Peace Tax Seven, however, a group of conscientious objectors, is using tax as a political protest by withholding the proportion of their taxes they calculate goes towards war and military activities. To pay tax towards military activities, they believe, is akin to a modern form of conscription, and is “morally equivalent to fighting a war”.
The group ranges from a toy designer and company director to a Welsh Buddhist, accountant, author and film maker. Birgit Völlm, a psychiatrist and researcher at the University of Manchester until earlier this year, explains: “War costs a lot of money, and my money was supporting that.” She finds it worrying “how easily countries can get involved in war”.
Völlm insists we should “all live according to our own conscience and do what we think is right.” She says: “A lot of people don't really think about what happens to their money, as it's not very noticeable.”
It is thought that 10% of the government's expenditure goes on the military and a third, or £88 billion, of the government's fixed capital assets belong to the Ministry of Defence.
The Peace Tax Seven suggests that money that currently goes towards war should be put into a “ring-fenced” Peace Fund and spent on “alternative ways of making peace, including negotiations and international development”. Völlm explains: “We also need to look at the underlying causes of war like inequality.”
Völlm points out “one hundred years ago people took slavery for granted and thought rights for women wouldn't change. People also had to go to war”. She remains optimistic, though, that “sometime in the future we will have the right not to pay for war”.
The Peace Tax Seven website is full of emotive language – 'rights' are 'violated', paying tax equates to 'paying for the government's killing machine'. It claims that 90 per cent of the casualties of war are civilians. Roy Prockter argues “every bomb and bullet kills twice”, saying there are “indirect victims dying of want while the world's wealth is wasted on weapons”.
As a doctor, paying taxes that go towards war is incompatible with Völlm's professional values: she cannot support something that “takes life away from people”, as the role of a doctor is to “help people and ease suffering”. Both Prockter and Völlm argue that the money would be better spent on fundamentals such as clean water and basic healthcare.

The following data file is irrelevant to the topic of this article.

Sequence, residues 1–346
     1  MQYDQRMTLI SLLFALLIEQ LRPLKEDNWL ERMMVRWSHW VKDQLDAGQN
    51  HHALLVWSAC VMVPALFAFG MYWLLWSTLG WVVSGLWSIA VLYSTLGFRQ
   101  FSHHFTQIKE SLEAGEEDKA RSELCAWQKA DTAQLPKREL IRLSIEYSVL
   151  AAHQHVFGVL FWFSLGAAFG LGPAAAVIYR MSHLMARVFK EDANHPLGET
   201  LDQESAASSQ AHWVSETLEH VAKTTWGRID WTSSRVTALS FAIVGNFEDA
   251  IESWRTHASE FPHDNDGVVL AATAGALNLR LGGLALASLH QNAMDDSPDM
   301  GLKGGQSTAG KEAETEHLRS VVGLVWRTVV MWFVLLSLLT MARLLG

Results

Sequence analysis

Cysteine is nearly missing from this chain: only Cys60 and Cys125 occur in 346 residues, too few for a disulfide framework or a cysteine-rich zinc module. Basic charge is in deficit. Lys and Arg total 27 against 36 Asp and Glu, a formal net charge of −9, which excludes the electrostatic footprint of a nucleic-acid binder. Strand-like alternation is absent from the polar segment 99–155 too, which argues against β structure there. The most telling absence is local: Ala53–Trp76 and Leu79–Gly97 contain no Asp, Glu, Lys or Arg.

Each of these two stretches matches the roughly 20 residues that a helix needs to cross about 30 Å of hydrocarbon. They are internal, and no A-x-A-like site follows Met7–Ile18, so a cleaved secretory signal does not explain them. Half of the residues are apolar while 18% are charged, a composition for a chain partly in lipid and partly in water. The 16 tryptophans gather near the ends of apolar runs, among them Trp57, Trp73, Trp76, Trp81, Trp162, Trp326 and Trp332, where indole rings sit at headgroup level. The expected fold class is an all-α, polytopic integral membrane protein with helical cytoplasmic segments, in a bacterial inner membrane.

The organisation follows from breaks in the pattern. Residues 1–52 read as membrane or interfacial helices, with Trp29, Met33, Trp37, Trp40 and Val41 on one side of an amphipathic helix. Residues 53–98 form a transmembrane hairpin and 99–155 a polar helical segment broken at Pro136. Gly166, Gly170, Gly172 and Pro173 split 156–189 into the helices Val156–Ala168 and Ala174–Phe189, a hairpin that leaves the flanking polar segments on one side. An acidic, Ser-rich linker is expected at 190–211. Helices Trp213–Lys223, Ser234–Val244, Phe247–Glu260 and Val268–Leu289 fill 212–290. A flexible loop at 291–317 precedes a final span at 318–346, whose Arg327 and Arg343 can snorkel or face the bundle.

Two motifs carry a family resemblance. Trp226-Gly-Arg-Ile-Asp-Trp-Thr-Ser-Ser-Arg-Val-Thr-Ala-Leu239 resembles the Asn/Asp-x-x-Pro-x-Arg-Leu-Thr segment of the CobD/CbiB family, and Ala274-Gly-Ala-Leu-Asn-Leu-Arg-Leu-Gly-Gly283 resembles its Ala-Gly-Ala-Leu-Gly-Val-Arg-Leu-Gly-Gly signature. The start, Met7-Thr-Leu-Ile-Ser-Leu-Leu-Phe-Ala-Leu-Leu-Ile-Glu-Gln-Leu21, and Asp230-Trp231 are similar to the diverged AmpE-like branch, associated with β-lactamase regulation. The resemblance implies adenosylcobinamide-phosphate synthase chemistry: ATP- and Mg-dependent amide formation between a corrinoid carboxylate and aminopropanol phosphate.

The Peace Tax Seven has the support of Quakers, Buddhists and Anglicans. Völlm became involved through Manchester's Quaker Peace Corps, and helped set up an International Conscientious Objectors Day in Manchester, which happens in May every year.
Manchester has a long radical history, and in 1980 became the world's first nuclear free city, creating the Peace Gardens and sculpture. Earlier this year, it hosted the 12th International Annual Conference on War Tax Resistance and Peace Tax Campaigns, which brought together campaigners from America, Spain, Germany, the Netherlands and Columbia.
Withholding tax is part of a history of creative protest that goes back to the American author, naturalist and philosopher Henry David Thoreau. Thoreau was imprisoned in the 1840s for refusing to pay tax towards the state of Massachusetts, because it advocated slavery. More recently, in America it is estimated there were 20,000 war tax resisters against the Vietnam war by 1970.
If the government didn't take any notice of the estimated two million protesters against the Iraq war, why would it listen to seven individuals withholding tax, rather than sending the bailiffs round?
UK court cases brought by the Peace Tax Seven have failed, but the group is currently raising £50,000 to take their case to Strasbourg, and defend its right to “freedom of thought, conscience and religion” as set out in the Human Rights Act under the European Convention of Human Rights.
The issue of the right to withhold war tax has been tabled as an Early Day Motion in the House of Commons, as well as a number of Private Members Bills, the last one being raised by John McDonnell in 2002. A number of MPs support the seven, including Jim Dobbin, Labour MP for Heywood and Middleton. Völlm is a member of the Green Party, which supports the protesters.
Few of us would go as far as to withhold our taxes, or could afford to, and it's not really an option unless you're self-employed, as it's almost impossible to withhold tax through the PAYE system.
However, the Peace Tax Seven opens debate on an issue it often seems we have little choice in, and puts moral pressure on the government. It also acts as a conscience for the rest of us.
If you want to do something, but don't want to go as far as withholding your taxes, visit http://www.peacetaxseven.com/ and sign the petition, distribute leaflets or write to your MP.
You can also join the organisation Conscience and fill in a 'Peace Tax Return' form which looks like a tax return form and can be sent to the Treasury to declare your objection to paying for war.
Völlm says the group appreciates emails, which can be used to show the government how much public backing there is for the cause. She also encourages members of the public to attend the group's trials to show their support.